"This didn't have anything to do with the black church -- it was basically an attack on the individual message he proclaimed, which hurt some individuals," said the Rev. K.W. Tulloss of Weller Street Missionary Baptist Church in Boyle Heights. "My own members were offended by Rev. Wright's words. His views have cast a wedge between people, and that's the exact opposite of the unity Jesus represented."
It's clear from this article that Jeremiah Wright is well outside the mainstream of black America:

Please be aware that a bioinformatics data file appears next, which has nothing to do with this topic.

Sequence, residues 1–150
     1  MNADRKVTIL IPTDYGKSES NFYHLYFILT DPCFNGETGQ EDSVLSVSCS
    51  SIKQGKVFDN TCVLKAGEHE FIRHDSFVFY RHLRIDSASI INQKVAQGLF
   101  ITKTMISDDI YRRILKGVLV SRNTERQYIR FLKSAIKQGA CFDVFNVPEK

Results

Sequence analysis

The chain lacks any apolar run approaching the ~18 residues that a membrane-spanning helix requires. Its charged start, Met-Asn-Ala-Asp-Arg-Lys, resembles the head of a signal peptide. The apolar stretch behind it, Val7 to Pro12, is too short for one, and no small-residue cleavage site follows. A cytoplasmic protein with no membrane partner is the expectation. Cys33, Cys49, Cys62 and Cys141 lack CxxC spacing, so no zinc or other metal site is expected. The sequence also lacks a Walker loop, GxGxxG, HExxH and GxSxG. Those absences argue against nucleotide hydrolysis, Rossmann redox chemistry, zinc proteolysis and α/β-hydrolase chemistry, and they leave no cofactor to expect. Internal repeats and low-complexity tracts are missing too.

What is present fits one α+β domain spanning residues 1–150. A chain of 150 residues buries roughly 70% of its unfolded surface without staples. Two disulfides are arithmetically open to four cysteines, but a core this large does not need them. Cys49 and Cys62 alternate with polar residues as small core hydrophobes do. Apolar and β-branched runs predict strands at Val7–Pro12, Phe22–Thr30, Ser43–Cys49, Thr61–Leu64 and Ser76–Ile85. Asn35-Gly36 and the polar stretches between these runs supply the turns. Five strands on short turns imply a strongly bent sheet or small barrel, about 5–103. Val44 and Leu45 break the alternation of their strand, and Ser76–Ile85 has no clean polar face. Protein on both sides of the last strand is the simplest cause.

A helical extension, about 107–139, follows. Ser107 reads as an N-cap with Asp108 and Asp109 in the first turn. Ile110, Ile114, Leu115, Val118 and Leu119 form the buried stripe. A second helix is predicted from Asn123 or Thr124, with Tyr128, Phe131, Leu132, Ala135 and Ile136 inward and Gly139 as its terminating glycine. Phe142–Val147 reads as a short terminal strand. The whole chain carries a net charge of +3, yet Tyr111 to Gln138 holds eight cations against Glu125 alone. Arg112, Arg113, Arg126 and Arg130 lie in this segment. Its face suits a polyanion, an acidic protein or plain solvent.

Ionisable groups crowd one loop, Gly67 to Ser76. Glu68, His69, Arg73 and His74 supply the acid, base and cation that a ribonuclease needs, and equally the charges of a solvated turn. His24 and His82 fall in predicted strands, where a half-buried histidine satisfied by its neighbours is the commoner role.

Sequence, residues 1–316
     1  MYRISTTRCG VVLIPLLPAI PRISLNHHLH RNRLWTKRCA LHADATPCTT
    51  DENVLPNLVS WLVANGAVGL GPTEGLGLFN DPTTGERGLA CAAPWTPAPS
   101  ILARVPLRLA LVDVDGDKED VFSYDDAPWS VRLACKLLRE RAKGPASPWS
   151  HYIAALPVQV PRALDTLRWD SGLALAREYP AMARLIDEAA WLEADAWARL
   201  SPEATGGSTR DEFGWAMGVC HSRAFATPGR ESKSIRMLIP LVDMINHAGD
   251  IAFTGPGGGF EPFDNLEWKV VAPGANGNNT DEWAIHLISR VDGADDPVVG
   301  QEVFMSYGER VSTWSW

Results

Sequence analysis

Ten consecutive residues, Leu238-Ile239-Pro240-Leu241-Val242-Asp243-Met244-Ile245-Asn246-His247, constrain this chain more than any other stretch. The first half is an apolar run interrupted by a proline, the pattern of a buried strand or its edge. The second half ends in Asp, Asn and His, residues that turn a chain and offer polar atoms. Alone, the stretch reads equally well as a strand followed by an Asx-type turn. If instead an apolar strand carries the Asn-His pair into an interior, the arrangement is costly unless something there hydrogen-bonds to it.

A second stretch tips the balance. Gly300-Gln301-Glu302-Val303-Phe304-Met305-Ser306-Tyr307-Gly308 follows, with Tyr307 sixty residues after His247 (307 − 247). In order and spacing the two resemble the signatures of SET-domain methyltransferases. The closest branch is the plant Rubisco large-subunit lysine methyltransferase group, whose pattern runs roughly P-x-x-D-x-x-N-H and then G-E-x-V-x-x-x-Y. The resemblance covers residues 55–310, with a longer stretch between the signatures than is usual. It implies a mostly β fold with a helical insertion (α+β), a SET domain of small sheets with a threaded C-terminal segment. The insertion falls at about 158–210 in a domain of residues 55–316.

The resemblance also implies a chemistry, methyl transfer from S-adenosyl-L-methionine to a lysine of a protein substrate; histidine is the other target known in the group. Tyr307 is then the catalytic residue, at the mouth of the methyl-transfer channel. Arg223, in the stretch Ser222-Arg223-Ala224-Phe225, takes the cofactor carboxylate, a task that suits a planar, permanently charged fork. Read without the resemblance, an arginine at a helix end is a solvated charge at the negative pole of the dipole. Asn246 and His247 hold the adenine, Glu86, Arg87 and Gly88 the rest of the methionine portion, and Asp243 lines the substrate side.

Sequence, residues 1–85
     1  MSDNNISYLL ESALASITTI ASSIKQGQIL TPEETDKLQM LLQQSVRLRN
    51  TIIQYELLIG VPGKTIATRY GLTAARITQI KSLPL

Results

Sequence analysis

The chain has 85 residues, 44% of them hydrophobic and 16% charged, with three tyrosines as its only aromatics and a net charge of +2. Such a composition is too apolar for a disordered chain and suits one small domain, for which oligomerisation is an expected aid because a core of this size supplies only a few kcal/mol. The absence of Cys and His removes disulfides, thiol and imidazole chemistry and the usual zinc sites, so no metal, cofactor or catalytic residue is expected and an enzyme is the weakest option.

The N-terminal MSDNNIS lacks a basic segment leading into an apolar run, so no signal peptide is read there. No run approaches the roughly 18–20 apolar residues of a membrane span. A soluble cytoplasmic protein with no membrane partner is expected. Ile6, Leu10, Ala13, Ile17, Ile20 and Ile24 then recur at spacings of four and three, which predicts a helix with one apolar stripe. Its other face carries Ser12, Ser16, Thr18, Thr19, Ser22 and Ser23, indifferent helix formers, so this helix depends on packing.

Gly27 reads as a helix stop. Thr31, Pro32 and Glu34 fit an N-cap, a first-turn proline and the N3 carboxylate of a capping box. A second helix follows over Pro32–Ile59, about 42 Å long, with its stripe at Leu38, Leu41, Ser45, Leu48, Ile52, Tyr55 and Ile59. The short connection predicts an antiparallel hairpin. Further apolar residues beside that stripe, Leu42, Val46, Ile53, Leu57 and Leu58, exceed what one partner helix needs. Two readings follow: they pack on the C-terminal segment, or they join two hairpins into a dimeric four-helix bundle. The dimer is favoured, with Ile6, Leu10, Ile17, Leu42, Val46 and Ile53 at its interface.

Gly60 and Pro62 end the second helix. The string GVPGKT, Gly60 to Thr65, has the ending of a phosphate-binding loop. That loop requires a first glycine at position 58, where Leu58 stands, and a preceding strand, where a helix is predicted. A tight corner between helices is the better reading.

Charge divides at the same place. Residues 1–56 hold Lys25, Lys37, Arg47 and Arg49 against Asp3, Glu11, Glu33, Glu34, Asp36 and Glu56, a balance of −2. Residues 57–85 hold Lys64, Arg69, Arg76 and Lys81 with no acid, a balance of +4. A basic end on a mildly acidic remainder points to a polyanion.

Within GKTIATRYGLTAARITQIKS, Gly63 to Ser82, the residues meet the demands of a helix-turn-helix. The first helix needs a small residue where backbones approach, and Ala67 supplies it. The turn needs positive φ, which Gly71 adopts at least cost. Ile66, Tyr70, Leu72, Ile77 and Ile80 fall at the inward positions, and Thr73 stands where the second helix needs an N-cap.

But the biggest concern Tuesday among local black religious leaders -- and across a wide swath of black Los Angeles -- was not about Wright's words per se but about their impact on Obama's historic campaign. In barber shops and beauty salons, at church gatherings and on Internet blogs, African Americans said that Wright's remarks might be badly damaging the senator from Illinois.Kudos to the LA Times for a solid piece of reporting, but, unfortunately, this was published on page A12. I'm not blaming the Times for burying it - Obama's response was on the front page. This isn't the main story. But it's also something that might be missed by most of white America. Fortunately there is more dialogue between black and white America than there used to be. I think the another hopefully positive outcome of this episode is that many, many African Americans will feel empowered by Obama to make it clear that the stereotype of the Angry Black Man does not apply to them.